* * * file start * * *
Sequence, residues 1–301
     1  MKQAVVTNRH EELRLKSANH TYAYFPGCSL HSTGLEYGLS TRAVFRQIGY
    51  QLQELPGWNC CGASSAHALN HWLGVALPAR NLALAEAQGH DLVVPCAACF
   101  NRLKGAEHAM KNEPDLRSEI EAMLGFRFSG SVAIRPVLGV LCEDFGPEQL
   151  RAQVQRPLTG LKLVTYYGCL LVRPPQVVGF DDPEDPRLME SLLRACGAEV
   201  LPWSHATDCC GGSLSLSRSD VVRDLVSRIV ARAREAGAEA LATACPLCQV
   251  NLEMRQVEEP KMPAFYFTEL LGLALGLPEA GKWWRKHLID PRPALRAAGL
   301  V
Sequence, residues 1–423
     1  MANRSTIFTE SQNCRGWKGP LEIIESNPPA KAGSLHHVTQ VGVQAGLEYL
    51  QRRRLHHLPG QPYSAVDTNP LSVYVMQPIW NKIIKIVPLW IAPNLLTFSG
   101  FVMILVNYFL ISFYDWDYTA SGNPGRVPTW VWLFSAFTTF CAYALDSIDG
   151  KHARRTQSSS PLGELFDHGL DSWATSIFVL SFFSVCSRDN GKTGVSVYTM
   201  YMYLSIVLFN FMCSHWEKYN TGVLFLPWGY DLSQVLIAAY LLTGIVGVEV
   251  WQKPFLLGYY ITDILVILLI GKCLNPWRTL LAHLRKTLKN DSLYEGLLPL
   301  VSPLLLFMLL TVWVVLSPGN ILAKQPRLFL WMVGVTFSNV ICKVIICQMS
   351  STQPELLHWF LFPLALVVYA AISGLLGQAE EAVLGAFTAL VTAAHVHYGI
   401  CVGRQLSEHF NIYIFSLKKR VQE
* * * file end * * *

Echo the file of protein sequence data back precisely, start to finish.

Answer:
Sequence, residues 1–301
     1  MKQAVVTNRH EELRLKSANH TYAYFPGCSL HSTGLEYGLS TRAVFRQIGY
    51  QLQELPGWNC CGASSAHALN HWLGVALPAR NLALAEAQGH DLVVPCAACF
   101  NRLKGAEHAM KNEPDLRSEI EAMLGFRFSG SVAIRPVLGV LCEDFGPEQL
   151  RAQVQRPLTG LKLVTYYGCL LVRPPQVVGF DDPEDPRLME SLLRACGAEV
   201  LPWSHATDCC GGSLSLSRSD VVRDLVSRIV ARAREAGAEA LATACPLCQV
   251  NLEMRQVEEP KMPAFYFTEL LGLALGLPEA GKWWRKHLID PRPALRAAGL
   301  V
Sequence, residues 1–423
     1  MANRSTIFTE SQNCRGWKGP LEIIESNPPA KAGSLHHVTQ VGVQAGLEYL
    51  QRRRLHHLPG QPYSAVDTNP LSVYVMQPIW NKIIKIVPLW IAPNLLTFSG
   101  FVMILVNYFL ISFYDWDYTA SGNPGRVPTW VWLFSAFTTF CAYALDSIDG
   151  KHARRTQSSS PLGELFDHGL DSWATSIFVL SFFSVCSRDN GKTGVSVYTM
   201  YMYLSIVLFN FMCSHWEKYN TGVLFLPWGY DLSQVLIAAY LLTGIVGVEV
   251  WQKPFLLGYY ITDILVILLI GKCLNPWRTL LAHLRKTLKN DSLYEGLLPL
   301  VSPLLLFMLL TVWVVLSPGN ILAKQPRLFL WMVGVTFSNV ICKVIICQMS
   351  STQPELLHWF LFPLALVVYA AISGLLGQAE EAVLGAFTAL VTAAHVHYGI
   401  CVGRQLSEHF NIYIFSLKKR VQE